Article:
In short, the CP7750 2.0 is clearly the "must-have" tool in its category. Its power, usability and low-maintenance, coupled with CP's reputation for quality, make it an easy choice for anyone needing a new impact wrench.
Milwaukee Tool Cordless Impact Wrench
The CP7750 2.0 is clearly the tool of choice for those of us who have compressors in our shops. But what of those less fortunate, who due to limitations of space, power or funds, are "compressed-air challenged"? Until recently, the heaviest jobs had to be done with a lot of exertion, or farmed out to the pros. But Milwaukee Tool, with its revolutionary V28 line of cordless tools, is about to change all of that.
The heart of Milwaukee Tool's V28 system is the 28-volt, lithium ion battery pack. This battery pack delivers up to twice the run time of 18V NiCad batteries while actually weighing less. The lithium ion technology also offers the advantage of a "no-memory" battery that can be trickle-charged to keep it ready to go at a moment's notice. As the photo shows, the battery is qute large, but Milwaukee Tool has done a good job of locating it on the tools to minimize its intrusiveness into the work space. Some tools even allow for multiple mounting options. A nice feature of the battery pack is a "fuel gauge" which consists of four LEDs that tell you the state of charge of the battery at a glance.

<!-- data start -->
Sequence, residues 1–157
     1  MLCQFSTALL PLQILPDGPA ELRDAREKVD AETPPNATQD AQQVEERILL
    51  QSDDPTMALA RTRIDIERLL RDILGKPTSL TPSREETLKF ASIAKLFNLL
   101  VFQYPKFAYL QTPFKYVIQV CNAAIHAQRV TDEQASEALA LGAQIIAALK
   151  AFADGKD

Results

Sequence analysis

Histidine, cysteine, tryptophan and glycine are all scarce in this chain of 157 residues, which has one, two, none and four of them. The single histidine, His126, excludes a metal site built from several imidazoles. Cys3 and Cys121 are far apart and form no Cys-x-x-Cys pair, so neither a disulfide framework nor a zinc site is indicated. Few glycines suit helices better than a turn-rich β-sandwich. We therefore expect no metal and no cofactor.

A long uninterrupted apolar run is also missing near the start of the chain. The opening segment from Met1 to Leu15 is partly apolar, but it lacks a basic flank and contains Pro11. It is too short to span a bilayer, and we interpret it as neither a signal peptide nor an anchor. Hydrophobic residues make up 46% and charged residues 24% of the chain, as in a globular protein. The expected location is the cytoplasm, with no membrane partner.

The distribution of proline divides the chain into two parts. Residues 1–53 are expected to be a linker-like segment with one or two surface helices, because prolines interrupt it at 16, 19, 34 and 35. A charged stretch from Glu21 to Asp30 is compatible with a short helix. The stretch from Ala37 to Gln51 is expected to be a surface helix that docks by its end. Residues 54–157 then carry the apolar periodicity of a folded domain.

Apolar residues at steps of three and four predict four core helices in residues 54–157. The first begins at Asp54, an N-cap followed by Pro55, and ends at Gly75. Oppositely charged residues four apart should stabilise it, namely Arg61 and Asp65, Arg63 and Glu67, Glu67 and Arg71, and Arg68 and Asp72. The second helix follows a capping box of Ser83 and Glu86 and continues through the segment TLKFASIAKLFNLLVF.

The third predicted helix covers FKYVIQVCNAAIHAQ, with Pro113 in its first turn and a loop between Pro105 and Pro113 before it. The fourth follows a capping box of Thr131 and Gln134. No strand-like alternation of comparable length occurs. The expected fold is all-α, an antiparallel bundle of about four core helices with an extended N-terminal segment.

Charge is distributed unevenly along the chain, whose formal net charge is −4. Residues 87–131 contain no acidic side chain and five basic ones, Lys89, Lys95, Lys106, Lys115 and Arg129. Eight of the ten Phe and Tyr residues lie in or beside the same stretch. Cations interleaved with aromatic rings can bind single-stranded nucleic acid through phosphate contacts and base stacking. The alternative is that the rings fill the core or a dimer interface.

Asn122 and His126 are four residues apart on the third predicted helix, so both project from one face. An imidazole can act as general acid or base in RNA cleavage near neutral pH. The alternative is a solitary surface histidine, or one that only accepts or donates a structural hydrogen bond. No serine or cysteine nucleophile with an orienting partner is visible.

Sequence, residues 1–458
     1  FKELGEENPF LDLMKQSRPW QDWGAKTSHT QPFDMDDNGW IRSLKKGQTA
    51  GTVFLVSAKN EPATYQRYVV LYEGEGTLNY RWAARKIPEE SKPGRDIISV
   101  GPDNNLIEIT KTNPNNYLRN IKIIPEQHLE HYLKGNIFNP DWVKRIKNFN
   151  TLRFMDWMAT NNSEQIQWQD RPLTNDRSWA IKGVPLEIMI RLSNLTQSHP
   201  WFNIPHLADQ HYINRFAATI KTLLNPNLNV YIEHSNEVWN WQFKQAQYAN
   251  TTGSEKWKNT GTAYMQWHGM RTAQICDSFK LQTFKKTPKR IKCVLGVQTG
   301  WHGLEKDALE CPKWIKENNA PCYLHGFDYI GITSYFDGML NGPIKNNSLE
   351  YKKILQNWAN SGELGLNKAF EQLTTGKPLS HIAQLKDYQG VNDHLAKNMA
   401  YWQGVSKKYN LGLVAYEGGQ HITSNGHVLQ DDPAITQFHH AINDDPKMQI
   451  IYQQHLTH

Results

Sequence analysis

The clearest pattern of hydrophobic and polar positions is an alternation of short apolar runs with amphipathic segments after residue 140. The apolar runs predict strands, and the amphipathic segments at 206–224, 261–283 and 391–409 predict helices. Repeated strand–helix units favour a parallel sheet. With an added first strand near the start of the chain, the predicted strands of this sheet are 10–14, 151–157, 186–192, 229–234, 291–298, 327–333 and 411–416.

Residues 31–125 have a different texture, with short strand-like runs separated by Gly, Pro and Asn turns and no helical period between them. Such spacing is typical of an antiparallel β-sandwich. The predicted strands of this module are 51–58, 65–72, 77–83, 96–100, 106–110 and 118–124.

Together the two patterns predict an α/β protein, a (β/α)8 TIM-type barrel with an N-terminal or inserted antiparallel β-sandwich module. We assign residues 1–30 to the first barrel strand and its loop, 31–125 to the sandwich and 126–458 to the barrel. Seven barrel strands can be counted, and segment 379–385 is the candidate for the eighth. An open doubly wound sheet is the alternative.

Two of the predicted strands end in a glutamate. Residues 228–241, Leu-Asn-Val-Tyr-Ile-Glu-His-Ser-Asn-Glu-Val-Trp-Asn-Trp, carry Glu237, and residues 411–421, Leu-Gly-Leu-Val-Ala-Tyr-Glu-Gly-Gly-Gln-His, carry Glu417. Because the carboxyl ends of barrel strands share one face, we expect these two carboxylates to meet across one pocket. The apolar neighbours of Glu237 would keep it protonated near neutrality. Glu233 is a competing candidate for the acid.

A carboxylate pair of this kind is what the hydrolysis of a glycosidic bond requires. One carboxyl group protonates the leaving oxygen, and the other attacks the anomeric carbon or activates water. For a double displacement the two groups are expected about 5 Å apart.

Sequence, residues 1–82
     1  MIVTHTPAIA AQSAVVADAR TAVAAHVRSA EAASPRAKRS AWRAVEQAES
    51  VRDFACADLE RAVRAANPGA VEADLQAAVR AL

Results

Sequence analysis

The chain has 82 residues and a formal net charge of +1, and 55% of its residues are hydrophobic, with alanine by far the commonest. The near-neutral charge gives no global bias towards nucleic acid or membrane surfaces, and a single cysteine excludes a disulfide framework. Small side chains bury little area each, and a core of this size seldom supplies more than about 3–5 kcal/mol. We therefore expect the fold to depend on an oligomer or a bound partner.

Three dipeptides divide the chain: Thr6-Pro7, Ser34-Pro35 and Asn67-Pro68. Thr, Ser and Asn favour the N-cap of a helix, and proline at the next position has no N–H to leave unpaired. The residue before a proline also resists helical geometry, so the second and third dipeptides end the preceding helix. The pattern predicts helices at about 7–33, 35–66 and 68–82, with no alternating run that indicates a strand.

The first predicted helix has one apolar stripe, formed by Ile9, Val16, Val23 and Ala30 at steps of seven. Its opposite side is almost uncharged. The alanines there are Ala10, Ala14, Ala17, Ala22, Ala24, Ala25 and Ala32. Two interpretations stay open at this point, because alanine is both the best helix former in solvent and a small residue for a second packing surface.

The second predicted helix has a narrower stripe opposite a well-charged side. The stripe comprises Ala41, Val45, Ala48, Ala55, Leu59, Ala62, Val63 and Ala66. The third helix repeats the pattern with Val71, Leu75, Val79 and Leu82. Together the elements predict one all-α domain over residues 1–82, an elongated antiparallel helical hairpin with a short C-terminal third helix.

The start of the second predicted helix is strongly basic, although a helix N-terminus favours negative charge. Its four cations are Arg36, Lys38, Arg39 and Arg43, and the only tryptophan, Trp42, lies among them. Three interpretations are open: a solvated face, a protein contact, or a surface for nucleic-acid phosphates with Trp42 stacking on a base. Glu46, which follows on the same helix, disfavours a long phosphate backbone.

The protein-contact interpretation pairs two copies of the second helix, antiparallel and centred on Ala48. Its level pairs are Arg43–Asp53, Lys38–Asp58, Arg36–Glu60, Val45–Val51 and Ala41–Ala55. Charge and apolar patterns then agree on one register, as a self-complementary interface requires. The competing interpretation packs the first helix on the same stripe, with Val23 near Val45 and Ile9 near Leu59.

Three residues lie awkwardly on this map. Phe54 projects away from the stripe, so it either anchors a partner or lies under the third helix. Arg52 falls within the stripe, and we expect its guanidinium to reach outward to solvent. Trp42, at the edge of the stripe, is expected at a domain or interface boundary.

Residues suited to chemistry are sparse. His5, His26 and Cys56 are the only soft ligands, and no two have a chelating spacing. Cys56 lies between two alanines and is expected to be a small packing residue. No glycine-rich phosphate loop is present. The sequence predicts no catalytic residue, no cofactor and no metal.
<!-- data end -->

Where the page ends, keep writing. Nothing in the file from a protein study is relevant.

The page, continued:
One V28 tool I tested was the impact wrench, which features a 1/2" square drive, variable speed and up to 325 foot-pounds of loosening torque, which again is far more than I expect to need in my garage. I did use the wrench on my F-150's lug nuts, and it loosened and tightened all four wheels without registering any drain on the battery pack indicators. Impressive, indeed.
The impact wrench is indeed considerably heavier than a pneumatic equivalent, and I imagine that day-long use would become somewhat fatiguing. Then again, this may be more a statement on my personal arm strength. In any event, the tool is well-balanced, feels good in the hand and is an absolute pleasure to use.
Milwaukee Tool V28 Cordless Hammer Drill
As impressive as the impact wrench is, the V28 hammer drill is almost certainly going to be the superstar in the lineup. Ask a mechanic (professional or casual) what their most important tool is, and a cordless drill-driver is the most likely response. These versatile tools serve a multitude of purposes, drilling holes and driving screws into a variety of materials.
Ask the same people what their biggest complaint is of their drill-driver, and the most likely response is going to focus on the battery: they don't hold a charge long enough, they don't supply enough power, they need replacing too often. The V28 hammer drill is going to change much of this. The 28-volt battery enables the tool to offer 600 inch-pounds of torque and 1800 RPM, which is enough to tackle all but the most challenging drill applications.